The last 24 hours in the Windows world has been practically non-stop. During the Day 1 Build Conference Keynote Steven Sinofsky, the Microsoft President for Windows and Windows Live revealed the Windows 8 Developer Preview to over 5,000 developers in Anaheim, CA as well as hundreds of thousands of developers and enthusiasts watching from home. After following the stream of tweets, live blogs and other info spreading out across the web I am convinced that the enthusiasm for Windows 8 and its future is at least equal to that which greeted Windows 7.
During the keynote Sinofsky revealed that the Windows 8 Developer Preview would be available for anyone to download and try out. According to Microsoft CEO Steve Ballmer, at the end of the Day 2 Keynote, the Windows 8 Developer Preview had been downloaded over 500,000 times since it was released last night. That is just an amazing number for a developer preview which is typically a pre-beta piece of software. That number also does not account for the number of installs that are happening because I am sure some people will install it multiple times as I have.
Since downloading the Windows 8 Developer Preview last night I have done four installs of the OS with mixed success. The first installation went on my ASUS Eee PC 1000HE netbook without a hitch however, because the max resolution of that screen is below 1024 x 768 I was unable to run the Metro Apps on it. Although I could access the Windows 8 desktop with a keyboard and mouse being unable to test out the Metro interface was a show stopper for me. The installation took about an hour but then the netbook is not the most powerful device either.
Here I must add a quick plug for Windows Home Server 2011 and its PC Restore capabilities. I used these instructions for creating a bootable USB drive that could be used with my optical driveless netbook to restore it. Within an hour my netbook was back to its state before the Windows 8 installation. Always keep good backups when testing software!
The next installation I did was in a dual boot configuration on my main desktop PC with Windows 7. I used the Windows Disk Management Console to shrink my 320GB SATA II hard drive (a spinner) so I could set aside 100GB for a Windows 8 installation. There are tons of sites with info on how to do a dual boot installation with different Windows versions and Windows 8 works in the same manner. Once I had the partition prepared I booted from a freshly burned Windows 8 Developer Preview DVD and did the installation. This was a much quicker installation because my desktop is my performance machine with a dual core processor and 8GB of RAM. I run a SSD drive as my primary Windows 7 drive in this machine but did not install Windows 8 to that 96GB device as I did not want to use up the extra room on it at the moment. The SATA II has proven to be more than adequate for Windows 8. If you have the Windows 8 Developer Preview as the default OS on your system then you will be treated to a very Metro looking dual boot menu which also contains options for Restoring or Refreshing your Windows 8 PC.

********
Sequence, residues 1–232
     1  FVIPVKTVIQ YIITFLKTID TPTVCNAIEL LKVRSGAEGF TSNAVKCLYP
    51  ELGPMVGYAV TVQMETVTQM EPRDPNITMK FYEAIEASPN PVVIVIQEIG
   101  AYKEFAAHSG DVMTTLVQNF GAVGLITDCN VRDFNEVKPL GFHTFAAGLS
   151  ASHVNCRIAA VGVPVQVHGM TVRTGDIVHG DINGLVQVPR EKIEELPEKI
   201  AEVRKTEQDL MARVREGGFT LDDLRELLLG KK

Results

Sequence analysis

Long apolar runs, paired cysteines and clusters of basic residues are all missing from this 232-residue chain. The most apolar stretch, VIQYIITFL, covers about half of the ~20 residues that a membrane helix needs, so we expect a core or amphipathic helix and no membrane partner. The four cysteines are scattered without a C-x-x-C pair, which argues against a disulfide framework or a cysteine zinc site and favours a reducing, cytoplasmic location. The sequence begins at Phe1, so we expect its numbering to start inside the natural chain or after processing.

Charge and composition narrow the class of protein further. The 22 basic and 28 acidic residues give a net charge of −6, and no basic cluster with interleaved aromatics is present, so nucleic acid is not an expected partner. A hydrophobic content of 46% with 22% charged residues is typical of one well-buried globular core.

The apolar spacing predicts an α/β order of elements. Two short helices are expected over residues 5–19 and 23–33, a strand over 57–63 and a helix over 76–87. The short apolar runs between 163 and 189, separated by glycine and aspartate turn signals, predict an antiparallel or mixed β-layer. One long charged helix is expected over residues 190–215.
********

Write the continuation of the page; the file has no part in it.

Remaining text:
This menu can still be edited using BCDEdit or Easy BCD to change the names of the entries, how long of a delay before the default OS boots up, etc.
My next installation attempts were in virtual machines. The first one I used was Virtual PC for Windows 7 and it was over quickly and resulted in this screen:
I am not sure if this is the new Blue Screen of Death (BSOD) in Windows but it sure is getting a lot of attention on Twitter since I sent it out last night. One person even labeled it the Beautiful Screen of Death. Suffice it to say Virtual PC did not work and reports on Twitter were that VMWare was not working either. So based on that and some recommendations that were coming across Twitter I downloaded Virtual Box, which is an Oracle open source software for virtualization, and installed it following these instructions by Mr. Goodcat. Installation with this went fine and I was up and running very quickly.
The final method I installed the Windows 8 Developer Preview with was by following these instructions from Scott Hanselman on his Computer Zen website. I knew Windows 7 had this boot from VHD capability but I had never tried it out so this was a new experience for me. Scott provides a very clear step by step guide to get it up and running.
One more piece of advice for those of you who are out there trying to install this, besides keeping good backups before you start, is the error 0x80070750 that quite a few people have experienced. This is usually indicative of a bad ISO download so to check this just compare the SHA1 hash of your downloaded ISO with what should be the SHA1 hash of the ISO. You can see those here. If they do not match you have a bad download and must download the ISO again.
We would like to hear about your installation experience as well so please comment below to let everyone know what you learned in this process.